Building Magazine


CMHC says pace of housing starts slowed in September as multi unit starts slipped

OTTAWA – The pace of housing starts in Canada slowed in September compared with August, but stayed over 200,000 for the fourth month in a row.

Canada Mortgage and Housing Corp. said Tuesday the seasonally adjusted annual rate of housing starts slipped to 217,118 units in September, down from 225,918 units in August.

The pace of multi-unit urban starts – condos, apartment buildings and the like – dropped 10.7 per cent to 131,388. That more than offset an increase in single-detached urban starts, which climbed 8.2 per cent, to 67,522. Overall annualized urban starts fell 5.1 per cent in September to 198,910.

Bank of Montreal senior economist Robert Kavcic said investment in residential construction seems grown again in the third quarter, after declining modestly in the second quarter.

“Canadian homebuilding activity remains robust, with the best population growth in 25 years proving fundamental support,” Kavcic wrote in a report.

CMHC’s trend measure, the six-month moving average of the overall monthly seasonally adjusted annual rates of housing starts, slipped to 214,821 in September compared with 220,573 in August.

In the Toronto region, CMHC said the pace of housing starts trended lower by seven per cent in September compared with August, led by a drop in apartment starts.

Meanwhile, Vancouver also trended lower as fewer multi-family home projects started work. CMHC said a record number of units under construction in the region have left little spare capacity to start additional projects.

The annual pace of rural starts were estimated at a seasonally adjusted annual rate of 18,208.

Statistics Canada also reported Tuesday that Canadian municipalities issued $7.5 billion worth of building permits in August, down 5.5 per cent from July.

Residential permits slipped 2.8 per cent to nearly $4.9 billion, while non-residential permits fell 10 per cent to roughly $2.7 billion.

Monthly Highlights:

St. John’s

Drivers such as population, income and employment have put downward pressure on new home construction activity. Total housing starts fell 34% in September compared to the prior year. Single-detached starts declined 33%, while multiple starts declined 42%.

Prince Edward Island (PEI)

Tightness in PEI’s resale sector continues to cause demand to spill over into the Island’s new home market. Starts of single-detached homes were up 93% year-to-date in September, with most of the activity concentrated in the Charlottetown area. Record high levels of international migration continue to support starts of multi-family dwellings, which were up 16% year-to-date.


In the third quarter of 2017, the annual rate of housing starts for the province overall reached 43,736 units, up from the level registered for the previous quarter (40,564 units). This last result, as were the relatively high totals for the previous quarters, was attributable to the strong momentum observed in the multi-unit housing segment, particularly in the case of rental apartments, for which starts remained significant in the Montréal and Québec areas. Given the strong activity observed so far, Quebec starts will likely post a gain in 2017.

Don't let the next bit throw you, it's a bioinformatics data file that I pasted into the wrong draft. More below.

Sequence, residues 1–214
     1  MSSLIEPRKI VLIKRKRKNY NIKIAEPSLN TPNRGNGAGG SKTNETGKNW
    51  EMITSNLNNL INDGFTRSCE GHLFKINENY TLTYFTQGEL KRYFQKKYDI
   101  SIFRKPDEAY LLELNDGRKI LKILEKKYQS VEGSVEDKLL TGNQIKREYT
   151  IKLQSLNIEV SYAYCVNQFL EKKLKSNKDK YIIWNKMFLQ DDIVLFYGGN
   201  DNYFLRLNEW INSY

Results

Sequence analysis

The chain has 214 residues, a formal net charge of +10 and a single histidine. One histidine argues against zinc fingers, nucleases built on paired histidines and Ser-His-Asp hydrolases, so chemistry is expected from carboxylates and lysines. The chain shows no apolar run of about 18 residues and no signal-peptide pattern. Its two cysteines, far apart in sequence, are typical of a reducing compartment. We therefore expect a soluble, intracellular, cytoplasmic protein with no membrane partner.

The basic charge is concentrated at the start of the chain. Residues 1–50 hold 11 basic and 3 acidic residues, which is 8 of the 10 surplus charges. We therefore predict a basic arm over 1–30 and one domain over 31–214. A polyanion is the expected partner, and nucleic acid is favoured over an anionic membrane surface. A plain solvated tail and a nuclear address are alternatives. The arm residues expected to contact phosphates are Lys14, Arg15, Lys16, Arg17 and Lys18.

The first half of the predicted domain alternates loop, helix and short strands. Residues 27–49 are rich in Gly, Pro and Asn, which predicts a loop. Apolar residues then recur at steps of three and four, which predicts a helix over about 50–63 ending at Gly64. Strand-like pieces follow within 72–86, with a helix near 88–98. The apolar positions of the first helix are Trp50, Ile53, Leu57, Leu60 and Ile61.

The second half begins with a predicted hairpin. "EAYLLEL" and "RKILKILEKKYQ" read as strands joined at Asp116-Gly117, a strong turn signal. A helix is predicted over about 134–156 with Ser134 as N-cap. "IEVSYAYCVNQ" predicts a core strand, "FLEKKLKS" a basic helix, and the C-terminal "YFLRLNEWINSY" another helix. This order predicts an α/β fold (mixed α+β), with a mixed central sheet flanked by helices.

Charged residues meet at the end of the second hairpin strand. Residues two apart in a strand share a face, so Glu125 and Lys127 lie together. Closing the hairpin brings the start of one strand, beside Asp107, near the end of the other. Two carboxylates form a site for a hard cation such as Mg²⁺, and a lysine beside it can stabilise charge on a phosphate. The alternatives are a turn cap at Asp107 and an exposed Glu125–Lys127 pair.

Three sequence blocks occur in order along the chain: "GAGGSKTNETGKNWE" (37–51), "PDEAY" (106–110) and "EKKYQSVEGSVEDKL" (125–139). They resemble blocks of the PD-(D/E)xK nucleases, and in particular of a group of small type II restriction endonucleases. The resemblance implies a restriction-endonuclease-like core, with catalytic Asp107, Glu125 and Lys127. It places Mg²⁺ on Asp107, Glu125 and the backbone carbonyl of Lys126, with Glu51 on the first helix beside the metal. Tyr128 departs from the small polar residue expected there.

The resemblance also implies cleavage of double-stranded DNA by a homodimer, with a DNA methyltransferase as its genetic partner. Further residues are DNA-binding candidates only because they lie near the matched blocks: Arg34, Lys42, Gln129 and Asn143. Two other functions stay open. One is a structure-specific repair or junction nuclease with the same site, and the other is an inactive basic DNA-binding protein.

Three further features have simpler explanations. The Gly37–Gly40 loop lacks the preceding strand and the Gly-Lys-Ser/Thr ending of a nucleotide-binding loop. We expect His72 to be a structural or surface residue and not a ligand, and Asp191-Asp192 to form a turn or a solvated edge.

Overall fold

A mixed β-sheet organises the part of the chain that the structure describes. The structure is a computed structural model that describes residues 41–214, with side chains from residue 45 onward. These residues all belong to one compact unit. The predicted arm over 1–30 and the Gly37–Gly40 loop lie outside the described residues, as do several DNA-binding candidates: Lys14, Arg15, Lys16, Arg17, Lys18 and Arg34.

Homebuilders broke ground on fewer homes in the Toronto Census Metropolitan Area (CMA) during September 2017. Total housing starts trended lower by 7% in September from the previous month led by lower apartment starts. Monthly variations in high-rise starts are typical given delays in getting large scale projects off the ground. Low-rise starts remained strong. The overall pace of new home construction remains stable as strong demand for new homes in the Toronto CMA continues to persist.


Single-detached starts were high in Brantford in September. New single-detached homes in Brantford were selling for $550,000 to $700,000 early this year, attracting the growing number of households from Hamilton and the GTA who could no longer afford detached homes in their markets.


Both single-detached and multiple housing starts in London CMA posted the highest levels for the month of September since 2006. Strong population growth and recent income gains have strengthened demand for new single-detached homes – encouraging builders to continue to keep single-detached starts elevated over recent months.


Total housing starts trended lower in September after production of both single-detached and multi-family units slowed. While the pace of construction in the singles sector has been on par with last year, multi-family construction was down 30% after nine months this year. Elevated inventory of completed and unsold condo apartments have remained a drag on this sector. All told, total year-to-date housing starts in September were down 13%, compared to the same period a year ago.


Housing starts in the Vancouver CMA trended downwards in September as fewer multi-family home projects got underway. The high level of housing starts over the past year has led to a record number of units being under construction in the region, leaving little spare capacity to start additional projects. New home construction in the Vancouver CMA is being supported by population growth, a strong local economy, and low financing costs.


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